Monday, November 14, 2011


I recently was fortunate enough to meet another volunteer with my respite program, a lovely woman who had a caring and calm way about her. She had just started in the program and had not yet had much contact with dementia-sufferers, nor did I sense that it had impacted her family life. After our getting-to-know-you chat, we began discussing my experiences, my book, and my father. She explained that her present client had dementia and since she didn't have much experience, she wanted to pick my brain on how best to serve her client.

I inquired how impaired her client was; how far her client had traveled down the dark road of dementia. Apparently, the client was largely withdrawn, but would occasionally interact a little bit with my new friend. The volunteer said that she had tried very hard to be there for her new client, bringing poetry, books, and the newspaper to read out loud. She would talk and tell stories to her client but said after a while it felt like she was just talking to herself, which made us both laugh. It reminded me of the visits I've had with my Father in the last year or two, where I talk and tell stories and he only occasionally interacts with a few standard phrases. Those of us who are close to dementia know how this feels!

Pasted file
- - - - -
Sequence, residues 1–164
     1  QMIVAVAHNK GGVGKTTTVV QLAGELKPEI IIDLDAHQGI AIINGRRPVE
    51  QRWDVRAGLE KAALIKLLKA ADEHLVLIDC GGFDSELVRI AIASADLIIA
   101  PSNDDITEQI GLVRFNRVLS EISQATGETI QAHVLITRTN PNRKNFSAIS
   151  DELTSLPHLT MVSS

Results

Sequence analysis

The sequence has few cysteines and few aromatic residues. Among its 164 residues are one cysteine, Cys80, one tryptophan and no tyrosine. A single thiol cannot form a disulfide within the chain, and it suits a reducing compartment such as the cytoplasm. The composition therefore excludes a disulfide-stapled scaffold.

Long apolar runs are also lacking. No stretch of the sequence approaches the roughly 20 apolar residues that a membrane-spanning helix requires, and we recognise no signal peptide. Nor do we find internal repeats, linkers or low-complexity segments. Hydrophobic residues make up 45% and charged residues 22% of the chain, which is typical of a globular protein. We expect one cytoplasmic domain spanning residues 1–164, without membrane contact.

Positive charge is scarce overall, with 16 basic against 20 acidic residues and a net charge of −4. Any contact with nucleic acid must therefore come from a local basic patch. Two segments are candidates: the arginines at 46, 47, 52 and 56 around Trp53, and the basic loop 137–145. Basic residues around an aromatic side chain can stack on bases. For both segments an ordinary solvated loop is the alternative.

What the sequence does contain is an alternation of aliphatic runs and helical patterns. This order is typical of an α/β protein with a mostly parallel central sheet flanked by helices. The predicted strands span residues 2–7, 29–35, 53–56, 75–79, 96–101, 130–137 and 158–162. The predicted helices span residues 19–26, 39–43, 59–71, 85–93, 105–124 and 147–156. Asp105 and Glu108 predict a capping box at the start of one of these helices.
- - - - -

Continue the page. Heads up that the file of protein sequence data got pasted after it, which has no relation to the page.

I told her that just her presence was a gift for this client. I've seen so often how the elderly or the dementia-afflicted are left alone in their small rooms or in activity spaces while the action of the facility happens around them. By what she said, it sounded like the family was more involved than most, but I told her that reading to her client, whether its poetry or a magazine or even the Bible, bringing music in to listen to, even just talking about her own life was a way to interact with the client, to be in her world a little. I told her that just sitting quietly with her client, like I do so often with Dad, was a way to be present, a way to share herself. I suggested that she try just sitting after a spell of reading or talking.

She looked like the idea hadn't occurred to her, the idea that just her very presence could be a way of interaction, a way of giving. I know that Dad feels me there and feels my love for him, even though no words are being exchanged and I told my friend how lovely that can feel for herself and her client. I could tell that this woman was a gift to all of her clients; just her desire to do her best for her client and educate herself showed her heart. Just be there. Be there for your loved one or your client or your friend. Just be.